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Kathryn Harkup - Five Way Interview

Kathryn Harkup is a chemist and author. Kathryn completed a doctorate on her favourite chemicals,  phosphines, and went on to further postdoctoral research before realising that talking,  writing and demonstrating  science appealed a bit more than hours slaving over a hot fume-hood. For six years she ran the outreach in  engineering, computing, physics  and maths at the University of Surrey, which involved writing talks on science topics that would appeal to  bored teenagers (anything disgusting  or dangerous was usually the most  popular). Kathryn is now a freelance science communicator delivering  talks and workshops on the quirky side  of science. Her new book is The Secret Lives of Molecules.

Why chemistry?

My interest in chemistry comes from a combination of a great teacher, a fascination with fire, explosions and pretty colours, and a love of finding things out. For me, the science is a great mix of big theories and practical experimentation. I love learning and I also love making things. Chemistry has rules and systems of organisation that appeal to the methodical and organised side of my personality, but practical chemistry is also an art and a skill. It is a subject that has enormous potential for creativity, spectacle and surprises. The products of this science can be intellectual oddities with no obvious use, and others can have rapid and direct impact on everyday lives. Like all the other sciences, chemisty has its share of interesting characters who have contributed to the advancement of the discipline, as well as fascinating stories.

Why this book?

The Secret Lives of Molecules was a natural followup to The Secret Lives of the Elements. I thoroughly enjoyed getting reacquainted with members of the periodic table for the first book, but chemistry is much more about how those elements interact with each other and combine forces to become something greater than the sum of their parts. I didn't want to write a textbook explaining the nuts and bolts of chemical interactions - there are plenty of those already. For me, one of the most interesting aspects of any subject is finding out how it fits in with everything else. I wanted to put some of these molecules into a context. For example, retinal is not a particularly interesting molecule in terms of the atoms it is made of or how they are arranged, but without it we, and many other animals on the planet, couldn't see. A rather ordinary molecule can have an extraordinary role simply because it happens to do something very well, such as change shape when a photon of light hits it. It was great fun finding new ways to present familiar substances and researching molecules I had never heard of before but that play an important part in our lives. Most importantly, I just wanted to tell some interesting stories.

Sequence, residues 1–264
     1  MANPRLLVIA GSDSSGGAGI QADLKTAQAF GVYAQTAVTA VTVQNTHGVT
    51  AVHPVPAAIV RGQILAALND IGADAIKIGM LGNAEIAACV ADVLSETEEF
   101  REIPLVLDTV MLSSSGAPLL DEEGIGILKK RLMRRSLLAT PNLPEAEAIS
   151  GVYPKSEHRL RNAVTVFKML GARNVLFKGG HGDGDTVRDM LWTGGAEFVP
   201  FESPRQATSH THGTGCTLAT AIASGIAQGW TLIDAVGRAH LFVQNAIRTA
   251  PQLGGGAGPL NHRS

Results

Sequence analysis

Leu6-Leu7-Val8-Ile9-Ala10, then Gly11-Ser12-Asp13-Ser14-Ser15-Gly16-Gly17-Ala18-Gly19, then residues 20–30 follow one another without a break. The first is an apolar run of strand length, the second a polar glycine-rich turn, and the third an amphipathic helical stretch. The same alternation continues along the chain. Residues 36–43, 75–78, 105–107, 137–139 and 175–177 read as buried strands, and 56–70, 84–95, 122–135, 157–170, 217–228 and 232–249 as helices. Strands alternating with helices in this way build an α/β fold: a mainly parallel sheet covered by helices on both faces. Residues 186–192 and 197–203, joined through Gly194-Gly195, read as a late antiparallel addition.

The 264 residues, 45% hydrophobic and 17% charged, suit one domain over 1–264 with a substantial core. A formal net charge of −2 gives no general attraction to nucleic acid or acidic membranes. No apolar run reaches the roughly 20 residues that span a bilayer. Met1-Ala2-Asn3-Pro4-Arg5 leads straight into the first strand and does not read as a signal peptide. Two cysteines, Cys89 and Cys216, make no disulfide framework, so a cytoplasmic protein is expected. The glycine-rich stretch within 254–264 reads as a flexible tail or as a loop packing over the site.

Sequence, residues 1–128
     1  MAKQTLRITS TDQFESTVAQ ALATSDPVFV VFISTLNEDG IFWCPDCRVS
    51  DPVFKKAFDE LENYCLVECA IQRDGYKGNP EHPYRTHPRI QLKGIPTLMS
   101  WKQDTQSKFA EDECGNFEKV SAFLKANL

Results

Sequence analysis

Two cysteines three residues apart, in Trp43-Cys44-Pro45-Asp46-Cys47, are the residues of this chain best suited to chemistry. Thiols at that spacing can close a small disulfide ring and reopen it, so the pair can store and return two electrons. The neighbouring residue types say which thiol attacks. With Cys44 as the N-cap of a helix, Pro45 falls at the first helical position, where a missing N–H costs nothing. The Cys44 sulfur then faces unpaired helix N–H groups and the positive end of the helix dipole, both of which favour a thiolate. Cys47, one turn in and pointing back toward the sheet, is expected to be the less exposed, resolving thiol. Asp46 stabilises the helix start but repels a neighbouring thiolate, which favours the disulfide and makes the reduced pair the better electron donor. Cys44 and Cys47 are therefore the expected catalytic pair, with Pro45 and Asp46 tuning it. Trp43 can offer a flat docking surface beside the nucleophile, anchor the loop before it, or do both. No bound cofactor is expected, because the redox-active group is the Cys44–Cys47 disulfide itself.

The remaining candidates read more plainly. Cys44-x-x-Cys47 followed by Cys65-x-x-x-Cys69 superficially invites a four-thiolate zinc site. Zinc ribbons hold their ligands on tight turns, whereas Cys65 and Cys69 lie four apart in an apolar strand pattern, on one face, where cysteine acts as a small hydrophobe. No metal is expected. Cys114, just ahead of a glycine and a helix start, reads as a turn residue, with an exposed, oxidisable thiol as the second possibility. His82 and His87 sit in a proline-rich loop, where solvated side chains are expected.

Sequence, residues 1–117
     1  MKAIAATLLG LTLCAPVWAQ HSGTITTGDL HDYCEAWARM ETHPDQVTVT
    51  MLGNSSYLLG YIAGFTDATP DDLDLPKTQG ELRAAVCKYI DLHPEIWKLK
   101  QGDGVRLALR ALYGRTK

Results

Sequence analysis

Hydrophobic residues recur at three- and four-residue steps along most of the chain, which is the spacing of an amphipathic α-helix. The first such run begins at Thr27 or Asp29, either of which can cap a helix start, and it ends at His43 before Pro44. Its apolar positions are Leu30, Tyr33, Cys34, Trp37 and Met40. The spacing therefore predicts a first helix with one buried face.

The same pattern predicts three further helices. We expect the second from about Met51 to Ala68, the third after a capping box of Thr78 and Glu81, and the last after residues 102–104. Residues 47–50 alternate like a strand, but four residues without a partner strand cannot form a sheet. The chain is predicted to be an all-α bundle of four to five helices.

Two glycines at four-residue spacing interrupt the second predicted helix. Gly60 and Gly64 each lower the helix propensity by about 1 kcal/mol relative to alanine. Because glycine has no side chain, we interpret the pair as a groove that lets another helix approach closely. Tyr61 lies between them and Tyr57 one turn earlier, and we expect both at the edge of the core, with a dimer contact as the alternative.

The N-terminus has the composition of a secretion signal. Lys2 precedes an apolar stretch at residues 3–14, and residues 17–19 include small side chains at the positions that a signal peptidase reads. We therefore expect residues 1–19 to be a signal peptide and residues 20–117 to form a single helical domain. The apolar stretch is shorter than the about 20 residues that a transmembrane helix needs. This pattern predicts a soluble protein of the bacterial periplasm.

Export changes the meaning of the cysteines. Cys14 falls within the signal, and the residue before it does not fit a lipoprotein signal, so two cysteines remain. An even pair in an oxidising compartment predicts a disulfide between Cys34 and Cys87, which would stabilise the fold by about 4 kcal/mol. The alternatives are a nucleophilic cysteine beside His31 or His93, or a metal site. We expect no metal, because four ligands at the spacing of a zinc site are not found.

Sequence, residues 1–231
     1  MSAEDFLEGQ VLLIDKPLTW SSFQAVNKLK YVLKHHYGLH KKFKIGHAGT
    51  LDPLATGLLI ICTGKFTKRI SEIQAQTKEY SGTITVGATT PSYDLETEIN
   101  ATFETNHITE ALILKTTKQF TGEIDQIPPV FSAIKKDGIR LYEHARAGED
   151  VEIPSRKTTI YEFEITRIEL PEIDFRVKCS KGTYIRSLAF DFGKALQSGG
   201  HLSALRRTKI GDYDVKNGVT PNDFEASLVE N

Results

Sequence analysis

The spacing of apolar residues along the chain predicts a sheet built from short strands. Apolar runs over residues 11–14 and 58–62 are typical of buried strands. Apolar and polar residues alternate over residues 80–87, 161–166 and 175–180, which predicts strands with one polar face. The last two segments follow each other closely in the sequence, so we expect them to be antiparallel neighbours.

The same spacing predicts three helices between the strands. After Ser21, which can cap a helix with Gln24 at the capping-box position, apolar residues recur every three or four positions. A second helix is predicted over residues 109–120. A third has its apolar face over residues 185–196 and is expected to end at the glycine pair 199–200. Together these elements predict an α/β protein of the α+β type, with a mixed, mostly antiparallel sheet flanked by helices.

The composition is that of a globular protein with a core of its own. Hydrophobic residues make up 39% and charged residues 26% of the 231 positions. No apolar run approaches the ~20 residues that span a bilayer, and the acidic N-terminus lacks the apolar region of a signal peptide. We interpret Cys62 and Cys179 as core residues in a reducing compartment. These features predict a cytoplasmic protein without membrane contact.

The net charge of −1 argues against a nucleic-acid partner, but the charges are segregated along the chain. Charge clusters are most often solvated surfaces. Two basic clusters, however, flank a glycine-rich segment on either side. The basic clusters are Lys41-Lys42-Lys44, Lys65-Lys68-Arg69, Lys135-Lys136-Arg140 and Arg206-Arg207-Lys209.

There seem to be fewer popular chemistry books than any other aspect of science. Why do you think this is?

Physics and biology have within them some very visually impressive and relatable topics - space science or zoology - or they encompass big ideas such as gravity or evolution. There are plenty of aspects of both these subjects that rarely get written about in popular science books. I think chemistry can be a tough subject to grasp because the majority of it is not easily relatable. Appreciating how atoms and molecules too small to be seen by the naked eye can be manipulated and built up into all the different things around us is a huge conceptual leap. Chemistry books can very quickly get bogged down in minutiae that is difficult or tedious to follow - I hope I have avoided this.

What’s next?

I hope more chemistry. Writing The Secret Lives has made me remember why I enjoyed chemistry in the first place, thinking about atoms, molecules and their interactions. I love figuring out why chemicals can have the effects they do, be that in a global scale, such as with ozone, or the very personal, such as with hormones. It might be time to go back to finding out about poisons, those chemicals that in tiny amounts can have particularly dramatic effects.

What’s exciting you at the moment?

At the moment I am finding out about ants by reading a lovely book, Empire of Ants. It covers the science of these creatures as well as anecdotes of researching them in far flung parts of the globe and the problems of transporting them and studying them in the lab. I'm thoroughly enjoying it.



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